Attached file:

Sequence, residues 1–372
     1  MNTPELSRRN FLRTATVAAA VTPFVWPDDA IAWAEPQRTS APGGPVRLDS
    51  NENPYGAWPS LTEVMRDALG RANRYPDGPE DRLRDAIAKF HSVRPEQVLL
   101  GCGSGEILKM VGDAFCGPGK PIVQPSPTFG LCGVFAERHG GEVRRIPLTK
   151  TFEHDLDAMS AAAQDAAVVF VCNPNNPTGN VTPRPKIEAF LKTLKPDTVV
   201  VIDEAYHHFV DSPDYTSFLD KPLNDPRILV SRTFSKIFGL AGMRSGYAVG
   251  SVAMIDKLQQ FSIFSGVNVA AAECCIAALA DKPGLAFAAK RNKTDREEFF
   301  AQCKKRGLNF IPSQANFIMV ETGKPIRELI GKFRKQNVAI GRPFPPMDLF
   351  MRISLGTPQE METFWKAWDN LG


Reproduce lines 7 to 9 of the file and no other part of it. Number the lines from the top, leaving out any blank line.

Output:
   251  SVAMIDKLQQ FSIFSGVNVA AAECCIAALA DKPGLAFAAK RNKTDREEFF
   301  AQCKKRGLNF IPSQANFIMV ETGKPIRELI GKFRKQNVAI GRPFPPMDLF
   351  MRISLGTPQE METFWKAWDN LG